Startups Are Bringing Creative Features To The Small Screen In Hopes Of Luring Iphone, Android Users Away From The Default Browser | MIT Technology Review: " . . . According to data from Net Applications’ NetMarketShare, Apple’s Safari browser captured nearly 61 percent of the mobile browser market in January, while Google’s Android browser had more than 21 percent. (Google recently started including its Chrome browser on high-end Android devices, but Chrome’s market percentage is still tiny, according to NetMarketShare.) Opera Software’s Opera Mini browser came in third with about 10 percent of the market . . . . Could too many alternative mobile browsers be a bad thing? Hagiu thinks so if each browser requires website makers to optimize their sites differently. On the other hand, if mobile browser companies adhere to a common set of Web standards, such as HTML5, this is unlikely to be an issue. Right now, four out of every five minutes devoted to media consumption on a smartphone are spent using apps, according to data from comScore, while just one minute is consumed by mobile Web surfing. Eventually, the proportion is likely to change as websites are revamped for the smaller touch screens and as mobile gadgets become more powerful computers. . . ."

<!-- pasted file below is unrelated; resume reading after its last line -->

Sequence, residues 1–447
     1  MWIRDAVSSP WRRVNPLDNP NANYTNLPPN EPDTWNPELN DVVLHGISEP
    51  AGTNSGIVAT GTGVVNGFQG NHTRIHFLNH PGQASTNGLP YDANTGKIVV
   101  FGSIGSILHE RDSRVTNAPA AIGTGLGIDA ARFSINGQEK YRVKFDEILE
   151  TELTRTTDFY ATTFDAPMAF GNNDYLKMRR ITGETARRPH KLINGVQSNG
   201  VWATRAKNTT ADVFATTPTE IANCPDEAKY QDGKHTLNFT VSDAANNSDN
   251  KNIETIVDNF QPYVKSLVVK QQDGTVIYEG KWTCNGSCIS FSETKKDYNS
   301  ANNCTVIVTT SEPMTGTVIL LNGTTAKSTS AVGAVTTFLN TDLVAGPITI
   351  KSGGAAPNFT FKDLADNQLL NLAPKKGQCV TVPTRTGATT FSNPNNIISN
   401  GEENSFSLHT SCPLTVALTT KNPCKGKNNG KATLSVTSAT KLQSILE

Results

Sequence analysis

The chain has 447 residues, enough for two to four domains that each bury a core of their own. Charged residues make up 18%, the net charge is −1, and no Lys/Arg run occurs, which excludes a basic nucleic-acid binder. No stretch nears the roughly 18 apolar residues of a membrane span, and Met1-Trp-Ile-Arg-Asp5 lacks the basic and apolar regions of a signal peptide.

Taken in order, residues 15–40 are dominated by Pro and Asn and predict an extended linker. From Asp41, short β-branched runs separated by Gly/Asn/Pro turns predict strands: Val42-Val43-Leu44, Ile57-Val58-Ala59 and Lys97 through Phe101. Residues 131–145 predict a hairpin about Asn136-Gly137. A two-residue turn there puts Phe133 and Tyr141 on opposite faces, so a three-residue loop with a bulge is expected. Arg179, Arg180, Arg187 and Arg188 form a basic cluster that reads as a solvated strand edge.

The Small Screen, Browsers, HTML5
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